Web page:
Propaganda Posted by: MichaelW
on Thursday, January 08, 2009
There's really no other word for what is passing as "news" out of Gaza recently.
On my way into work this morning, for example, I was treated to "reporting" of Ayman Mohyeldin, an Al Jazeera correspondent, who happens to be one of the few journalists in the besieged territory. The interview was conducted on NPR's Morning Edition program and purported to bring us a look at what's actually happening on the ground. Instead I was informed that the Israeli's have acted almost indiscriminately in their campaign against Hamas terrorists, and that within Gaza "there is no safe zone."
Most striking in what was an otherwise standard anti-Israel biased report was the comparison by Mohyeldin of the early-warning systems available in Israel to the lack thereof in Gaza. Mohyeldin exasperatedly informed listeners that Gazans were essentially sitting ducks for the Israeli attacks because (a) there was no warning infrastructure (sirens, etc.), and (b) the Israelis have assaulted every square inch of the territory without mercy. Neither Mohyeldin nor the NPR interviewer mentioned that Israelis have been bombarding areas of attack with leaflets, phone calls and even sound bombs, all intended to clear the area of civilians prior to any actual explosives touching down. Of course, when your enemy actively uses the civilian population as a means towards its own ends, the results are predictable:
Israel's notifications to civilians in Gaza to leave populated locations before they are bombed are cynically used by Hamas for organizing human shields, a new study says.
The study by the Terror and Intelligence Information Center shows that when the IDF warns Arab civilians of an impending attack in their neighborhood, Hamas uses the information in order to organize the civilians into human shields in the hope of protecting the targets from the IDF's wrath.
Hamas's de facto prime minister Ismail Haniyeh and other top terrorists, including Nizar Riyan, who was killed in the course of Operation Cast Lead, have publicly boasted of using the warnings as "intelligence" and then using civilians, including women and children, as human shields to protect the homes of terrorists.
Getting back to the NPR story, I must admit that I was flabbergasted at the sheer propaganda being passed off as "news" in that report. That not one mention was made of the lengths Israel goes to in order to prevent civilian casualties, including the early warnings that Mohyeldin helpfully informed us the Palestinians lack, all while lamenting how "there is no safe zone" in Gaza, serves to underscore just how biased the reporting has been.
And for those who would suggest that perhaps Mohyeldin was not aware of any such early warnings from the Israeli's, he's commented on them in his other reporting:
Earlier on Thursday, thousands of Palestinians fled their homes in the southern Gaza Strip as Israeli forces bombarded Rafah after dropping leaflets to warn local residents about an impending blitz.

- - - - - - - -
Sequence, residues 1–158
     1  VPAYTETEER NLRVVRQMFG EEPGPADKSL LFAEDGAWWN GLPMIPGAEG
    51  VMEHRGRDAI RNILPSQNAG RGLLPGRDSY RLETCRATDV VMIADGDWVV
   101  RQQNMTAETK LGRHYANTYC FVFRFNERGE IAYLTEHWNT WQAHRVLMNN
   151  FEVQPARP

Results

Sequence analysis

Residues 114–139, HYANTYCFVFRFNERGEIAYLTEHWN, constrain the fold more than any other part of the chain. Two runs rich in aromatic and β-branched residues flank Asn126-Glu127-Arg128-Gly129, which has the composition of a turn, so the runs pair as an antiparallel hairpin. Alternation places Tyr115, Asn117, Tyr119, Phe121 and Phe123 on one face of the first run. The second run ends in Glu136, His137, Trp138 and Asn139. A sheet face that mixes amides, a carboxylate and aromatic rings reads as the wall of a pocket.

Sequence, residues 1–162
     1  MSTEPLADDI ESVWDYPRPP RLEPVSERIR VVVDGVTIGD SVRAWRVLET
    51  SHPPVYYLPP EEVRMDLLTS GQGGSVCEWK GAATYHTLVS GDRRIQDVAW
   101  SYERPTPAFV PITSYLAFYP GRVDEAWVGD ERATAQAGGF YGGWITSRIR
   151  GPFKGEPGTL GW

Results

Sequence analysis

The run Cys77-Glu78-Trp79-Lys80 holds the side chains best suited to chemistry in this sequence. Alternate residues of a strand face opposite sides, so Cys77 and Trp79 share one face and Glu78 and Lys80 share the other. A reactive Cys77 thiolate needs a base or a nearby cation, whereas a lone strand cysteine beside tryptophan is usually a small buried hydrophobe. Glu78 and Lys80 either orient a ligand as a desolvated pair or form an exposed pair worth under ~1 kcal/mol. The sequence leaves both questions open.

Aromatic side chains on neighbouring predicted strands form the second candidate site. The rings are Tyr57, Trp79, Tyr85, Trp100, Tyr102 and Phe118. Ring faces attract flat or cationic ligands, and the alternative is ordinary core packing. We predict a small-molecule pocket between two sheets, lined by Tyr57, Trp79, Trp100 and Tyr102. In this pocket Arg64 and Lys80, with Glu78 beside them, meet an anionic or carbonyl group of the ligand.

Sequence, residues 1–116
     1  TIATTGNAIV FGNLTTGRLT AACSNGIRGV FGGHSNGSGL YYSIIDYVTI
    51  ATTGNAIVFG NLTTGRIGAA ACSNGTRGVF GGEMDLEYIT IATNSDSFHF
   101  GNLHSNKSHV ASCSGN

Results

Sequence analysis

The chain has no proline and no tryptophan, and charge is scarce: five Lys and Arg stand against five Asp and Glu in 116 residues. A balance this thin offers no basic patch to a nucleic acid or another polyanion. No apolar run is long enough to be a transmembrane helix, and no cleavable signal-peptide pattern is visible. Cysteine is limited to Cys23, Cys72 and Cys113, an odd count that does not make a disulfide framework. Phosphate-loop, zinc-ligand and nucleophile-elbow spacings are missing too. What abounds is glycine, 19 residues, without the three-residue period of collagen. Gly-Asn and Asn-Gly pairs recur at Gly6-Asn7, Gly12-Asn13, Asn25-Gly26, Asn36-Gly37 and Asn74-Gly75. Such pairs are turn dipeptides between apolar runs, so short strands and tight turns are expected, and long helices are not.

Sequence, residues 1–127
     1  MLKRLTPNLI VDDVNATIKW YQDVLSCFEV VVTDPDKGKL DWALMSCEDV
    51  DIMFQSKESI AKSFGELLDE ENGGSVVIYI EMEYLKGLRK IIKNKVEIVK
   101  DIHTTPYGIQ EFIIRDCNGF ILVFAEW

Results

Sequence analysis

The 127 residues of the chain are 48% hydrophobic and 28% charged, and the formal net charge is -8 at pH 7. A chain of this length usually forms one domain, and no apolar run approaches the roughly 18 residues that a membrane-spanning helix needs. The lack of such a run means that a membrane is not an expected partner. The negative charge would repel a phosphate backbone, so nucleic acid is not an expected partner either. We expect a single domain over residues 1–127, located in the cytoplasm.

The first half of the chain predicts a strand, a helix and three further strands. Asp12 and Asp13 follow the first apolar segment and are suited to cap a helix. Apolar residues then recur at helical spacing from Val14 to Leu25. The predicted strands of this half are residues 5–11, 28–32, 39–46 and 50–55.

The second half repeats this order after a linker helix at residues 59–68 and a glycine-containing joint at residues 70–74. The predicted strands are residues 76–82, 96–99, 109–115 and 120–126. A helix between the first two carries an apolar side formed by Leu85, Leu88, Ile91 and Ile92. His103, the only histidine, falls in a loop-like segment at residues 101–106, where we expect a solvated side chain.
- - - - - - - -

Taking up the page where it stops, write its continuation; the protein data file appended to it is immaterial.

Witnesses said that homes, suspected smuggling tunnels and a mosque were hit in the area along the Egyptian border early on Thursday.
The leaflets warned that that the Israeli military "will bomb the area due to its use by terrorists to [dig] tunnels and to stock up" on weapons.
Hundreds of tunnels are believed to cross under the Egyptian border around Rafah allowing Palestinians to smuggle in basic supplies, in short supply due to the Israeli blockade, and weapons.
An Israeli army spokeswoman said the military dropped the flyers "as in the past to avoid civilian casualties".
Al Jazeera's Ayman Mohyeldin, reporting from Gaza City, said the flyers would have frightened the civilian population of southern Gaza.
So, according to Mohyeldin, Gazans are more afraid of leaflets than bombs? Interesting reporting there.
Sadly, for those who don't seek out news from sources other than MSM outlets (New York Times, NBC, NPR, CNN, etc.), this is exactly the sort of information that's being offered as the "truth" about what's going on in the Gaza Strip. Eventually, just like "I can see Russia from my house!" the narrative becomes accepted, or too embedded with factual content to ever be fully exposed as a myth. Of course, that may also be one of the reasons why the internet has surpassed print media as a source of news, and its quickly gaining on TV.
One last point for those tempted to spout the latest media narrative about why the reporting out of Gaza has been so awful. If you think that Israel is preventing reporters from entering Gaza so that it can conduct its war crimes out of the view of a responsible press corps, then please ask yourself, "Why haven't they entered through Egypt?" Even NPR's David Folkenflik had to acknowledge that the IDF was not solely responsible for the media blackout of the war zone, albeit with typical MSM spin:
Peled notes that Egypt is not allowing journalists to enter Gaza from the territory's southern border, either. Yet there may be another cause to the restrictions: Israeli officials have long complained that Palestinian activists and terrorist groups manipulate foreign journalists by claiming Israeli atrocities.
See what he did there? One of the statements is a fact (which goes unaddressed), while the other is pure speculation posing as fact. The speculation diverts attention away from the factual content, and back towards the preferred narrative — i.e. Israel bad. Nevermind that the speculative statement is a complete non sequitur (Israeli claims of manipulation may be a reason that Egypt has closed its borders to journalists?). The only important thing is maintain the narrative.